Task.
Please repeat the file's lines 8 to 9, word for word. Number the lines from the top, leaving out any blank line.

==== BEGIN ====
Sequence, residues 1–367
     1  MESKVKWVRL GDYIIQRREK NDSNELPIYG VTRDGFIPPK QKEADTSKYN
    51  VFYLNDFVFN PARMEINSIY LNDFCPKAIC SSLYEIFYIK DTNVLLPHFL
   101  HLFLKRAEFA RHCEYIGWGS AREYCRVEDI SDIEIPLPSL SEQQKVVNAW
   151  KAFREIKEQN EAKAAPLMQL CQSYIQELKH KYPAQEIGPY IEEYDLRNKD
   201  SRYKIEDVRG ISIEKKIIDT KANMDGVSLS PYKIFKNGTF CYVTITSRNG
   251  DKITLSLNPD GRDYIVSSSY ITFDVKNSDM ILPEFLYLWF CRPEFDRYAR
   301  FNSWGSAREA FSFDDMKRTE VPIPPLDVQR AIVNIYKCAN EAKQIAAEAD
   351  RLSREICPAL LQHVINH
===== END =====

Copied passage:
   301  FNSWGSAREA FSFDDMKRTE VPIPPLDVQR AIVNIYKCAN EAKQIAAEAD
   351  RLSREICPAL LQHVINH